Denver’s First Responders Receive Specialized Training In Psychedelic Crisis Response From MAPS

In a groundbreaking move, the Denver Police Department, Emergency Medical Services personnel, and mental health responders will soon undergo specialized training in Psychedelic Crisis Assessment and Intervention, provided by the Multidisciplinary Association for Psychedelic Studies (MAPS). This unique training initiative aims to empower first responders with the essential knowledge and skills required to effectively manage emotional and behavioral crises related to the use of psilocybin and other psychedelics.

MAPS, a leading organization in psychedelic research and educational initiatives, has been commissioned by the Denver Psilocybin Mushroom Policy Review Panel (DPMPRP) to design and deliver this innovative training program. The DPMPRP was established following the historic passage of Ordinance 301 in May 2019, which marked the effective decriminalization of psilocybin mushrooms within Denver.

The Psychedelic Crisis Assessment and Intervention training is specifically tailored to address the needs of various first responder departments, ensuring they have the tools and understanding necessary to mitigate risks and liabilities associated with psychoactive substance use. Each department will receive a customized version of the training to best serve their unique roles and responsibilities.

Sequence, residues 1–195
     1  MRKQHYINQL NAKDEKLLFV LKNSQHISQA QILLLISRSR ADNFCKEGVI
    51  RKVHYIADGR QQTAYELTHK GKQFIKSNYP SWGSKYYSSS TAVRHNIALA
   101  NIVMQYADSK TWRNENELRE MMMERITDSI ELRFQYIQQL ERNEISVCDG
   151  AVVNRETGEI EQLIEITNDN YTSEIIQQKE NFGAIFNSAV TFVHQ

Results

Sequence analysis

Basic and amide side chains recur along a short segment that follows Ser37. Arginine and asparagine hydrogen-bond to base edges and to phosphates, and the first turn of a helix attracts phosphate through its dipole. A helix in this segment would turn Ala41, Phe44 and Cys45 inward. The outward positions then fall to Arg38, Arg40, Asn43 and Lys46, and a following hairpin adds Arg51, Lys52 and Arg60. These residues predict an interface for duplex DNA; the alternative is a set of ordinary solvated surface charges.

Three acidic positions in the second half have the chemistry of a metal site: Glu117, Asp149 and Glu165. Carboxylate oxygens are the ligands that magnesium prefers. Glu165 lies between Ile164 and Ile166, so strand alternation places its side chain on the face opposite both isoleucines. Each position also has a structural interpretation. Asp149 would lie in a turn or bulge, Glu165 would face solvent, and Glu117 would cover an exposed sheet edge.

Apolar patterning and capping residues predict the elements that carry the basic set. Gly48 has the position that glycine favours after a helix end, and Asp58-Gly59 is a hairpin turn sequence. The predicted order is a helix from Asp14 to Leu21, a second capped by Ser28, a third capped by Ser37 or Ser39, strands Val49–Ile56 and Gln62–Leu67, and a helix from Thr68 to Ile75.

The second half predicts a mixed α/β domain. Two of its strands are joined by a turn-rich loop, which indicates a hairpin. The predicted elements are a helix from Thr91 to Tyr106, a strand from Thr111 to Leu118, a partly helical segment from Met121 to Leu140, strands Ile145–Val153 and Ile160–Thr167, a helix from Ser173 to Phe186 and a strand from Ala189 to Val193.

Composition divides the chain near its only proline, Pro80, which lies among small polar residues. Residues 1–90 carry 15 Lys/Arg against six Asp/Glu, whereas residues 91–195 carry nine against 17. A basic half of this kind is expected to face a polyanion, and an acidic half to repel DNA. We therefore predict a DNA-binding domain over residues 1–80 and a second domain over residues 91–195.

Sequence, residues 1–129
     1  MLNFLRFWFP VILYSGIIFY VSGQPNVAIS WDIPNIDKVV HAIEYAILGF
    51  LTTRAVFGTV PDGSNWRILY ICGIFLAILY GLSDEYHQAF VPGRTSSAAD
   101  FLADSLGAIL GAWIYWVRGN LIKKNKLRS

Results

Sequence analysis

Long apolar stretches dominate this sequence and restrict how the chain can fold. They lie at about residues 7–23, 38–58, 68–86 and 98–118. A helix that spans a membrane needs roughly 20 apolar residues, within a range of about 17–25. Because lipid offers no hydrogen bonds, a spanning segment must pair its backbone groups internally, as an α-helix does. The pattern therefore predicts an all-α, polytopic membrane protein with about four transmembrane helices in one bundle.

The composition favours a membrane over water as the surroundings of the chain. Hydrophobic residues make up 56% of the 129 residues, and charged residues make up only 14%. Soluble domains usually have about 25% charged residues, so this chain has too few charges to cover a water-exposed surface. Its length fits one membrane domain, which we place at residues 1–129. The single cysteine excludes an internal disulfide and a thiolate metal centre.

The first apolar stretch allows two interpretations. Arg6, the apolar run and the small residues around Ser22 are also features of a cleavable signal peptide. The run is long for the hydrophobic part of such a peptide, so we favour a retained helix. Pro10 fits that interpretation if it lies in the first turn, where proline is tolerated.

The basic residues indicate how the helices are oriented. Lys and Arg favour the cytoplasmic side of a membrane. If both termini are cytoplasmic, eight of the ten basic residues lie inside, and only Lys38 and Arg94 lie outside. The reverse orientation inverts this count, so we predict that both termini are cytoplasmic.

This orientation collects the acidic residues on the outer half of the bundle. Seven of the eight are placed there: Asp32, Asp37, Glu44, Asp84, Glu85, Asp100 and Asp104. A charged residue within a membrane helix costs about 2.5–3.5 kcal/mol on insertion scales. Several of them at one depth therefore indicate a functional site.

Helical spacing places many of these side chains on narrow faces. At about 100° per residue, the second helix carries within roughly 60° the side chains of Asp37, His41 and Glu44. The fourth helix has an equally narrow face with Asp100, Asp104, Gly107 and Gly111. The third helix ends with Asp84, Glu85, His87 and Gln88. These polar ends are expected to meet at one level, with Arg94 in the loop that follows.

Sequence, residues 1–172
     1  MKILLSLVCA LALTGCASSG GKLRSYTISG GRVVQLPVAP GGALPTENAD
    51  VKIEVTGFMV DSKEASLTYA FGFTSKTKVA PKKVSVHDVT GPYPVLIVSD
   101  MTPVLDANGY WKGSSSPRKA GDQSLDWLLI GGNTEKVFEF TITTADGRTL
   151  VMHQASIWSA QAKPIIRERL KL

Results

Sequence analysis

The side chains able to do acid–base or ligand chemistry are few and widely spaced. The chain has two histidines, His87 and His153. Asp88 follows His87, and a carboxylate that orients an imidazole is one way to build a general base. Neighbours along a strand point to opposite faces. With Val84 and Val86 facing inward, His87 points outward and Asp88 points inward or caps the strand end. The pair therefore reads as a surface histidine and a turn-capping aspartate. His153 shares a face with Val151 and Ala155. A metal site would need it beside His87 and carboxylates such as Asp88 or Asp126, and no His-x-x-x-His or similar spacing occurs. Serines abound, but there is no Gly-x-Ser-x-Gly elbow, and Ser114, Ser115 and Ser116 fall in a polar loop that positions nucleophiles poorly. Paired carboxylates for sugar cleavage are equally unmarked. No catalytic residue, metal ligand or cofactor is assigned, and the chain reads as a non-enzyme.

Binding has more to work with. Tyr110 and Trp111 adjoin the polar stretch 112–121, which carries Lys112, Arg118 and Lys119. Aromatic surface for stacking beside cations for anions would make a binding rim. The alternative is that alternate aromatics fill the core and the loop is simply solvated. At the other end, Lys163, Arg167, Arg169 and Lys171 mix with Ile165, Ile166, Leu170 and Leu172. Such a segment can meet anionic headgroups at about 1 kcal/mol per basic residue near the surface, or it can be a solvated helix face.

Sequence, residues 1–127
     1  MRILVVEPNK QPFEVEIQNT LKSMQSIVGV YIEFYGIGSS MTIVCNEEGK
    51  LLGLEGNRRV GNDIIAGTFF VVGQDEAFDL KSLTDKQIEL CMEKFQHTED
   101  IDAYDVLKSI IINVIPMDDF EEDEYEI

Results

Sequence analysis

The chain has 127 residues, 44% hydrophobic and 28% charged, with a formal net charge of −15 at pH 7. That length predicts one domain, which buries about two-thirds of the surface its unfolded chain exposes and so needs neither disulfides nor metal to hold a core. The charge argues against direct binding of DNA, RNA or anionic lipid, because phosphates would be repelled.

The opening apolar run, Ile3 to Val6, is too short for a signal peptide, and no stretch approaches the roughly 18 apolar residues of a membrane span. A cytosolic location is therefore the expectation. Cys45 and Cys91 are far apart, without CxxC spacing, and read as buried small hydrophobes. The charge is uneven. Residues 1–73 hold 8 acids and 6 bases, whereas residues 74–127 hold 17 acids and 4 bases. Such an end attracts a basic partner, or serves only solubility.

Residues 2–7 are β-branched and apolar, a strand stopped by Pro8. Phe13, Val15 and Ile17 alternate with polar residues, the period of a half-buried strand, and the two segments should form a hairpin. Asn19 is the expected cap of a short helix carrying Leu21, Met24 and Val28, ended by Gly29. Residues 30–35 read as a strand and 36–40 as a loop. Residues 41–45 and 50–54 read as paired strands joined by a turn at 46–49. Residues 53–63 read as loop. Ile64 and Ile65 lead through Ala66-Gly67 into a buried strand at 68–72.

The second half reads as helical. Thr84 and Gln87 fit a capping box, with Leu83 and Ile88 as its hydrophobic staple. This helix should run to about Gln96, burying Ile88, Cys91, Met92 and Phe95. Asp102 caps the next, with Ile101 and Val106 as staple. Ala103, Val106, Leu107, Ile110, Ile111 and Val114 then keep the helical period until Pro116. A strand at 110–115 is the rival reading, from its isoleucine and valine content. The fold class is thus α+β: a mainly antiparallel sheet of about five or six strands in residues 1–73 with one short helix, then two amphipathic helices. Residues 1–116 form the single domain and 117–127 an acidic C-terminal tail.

The comprehensive curriculum covers topics such as:

  • The psychological and physiological effects of ingesting psilocybin, found in “magic mushrooms”
  • Potential adverse reactions to psilocybin
  • Best practices and techniques for assessing, de-escalating, and managing psychedelic crises
  • Historical context and broader applications of psychedelics

By equipping first responders with this vital information, the community can benefit from safer and more compassionate responses during psychedelic-related emergencies. Sara Gael, a former harm reduction officer with MAPS who played a significant role in developing the program, stated, “This program not only prepares our first responders to handle psilocybin-related crises efficiently but also demonstrates Denver’s progressive leadership in creating a model for other cities to follow.”

The development of this training program took over three years and involved contributions from more than 20 experts in fields like law, medicine, psychiatry, mental health, neuropsychopharmacology, law enforcement, crisis response, quality improvement, and education. The final product consists of asynchronous video lessons accompanied by assessments to ensure maximum engagement and retention among participants.


With Colorado recently making strides in drug reform, the timing of this training rollout couldn’t be better. In 2022, voters passed measures both legalizing psychedelic therapy and decriminalizing five different substances at the ballot box. Decriminalization has already taken effect, paving the way for a burgeoning legal industry surrounding psilocybin-assisted therapy. Regulatory frameworks for occupational licensing are currently being drafted, and psilocybin therapy centers are anticipated to open in 2025.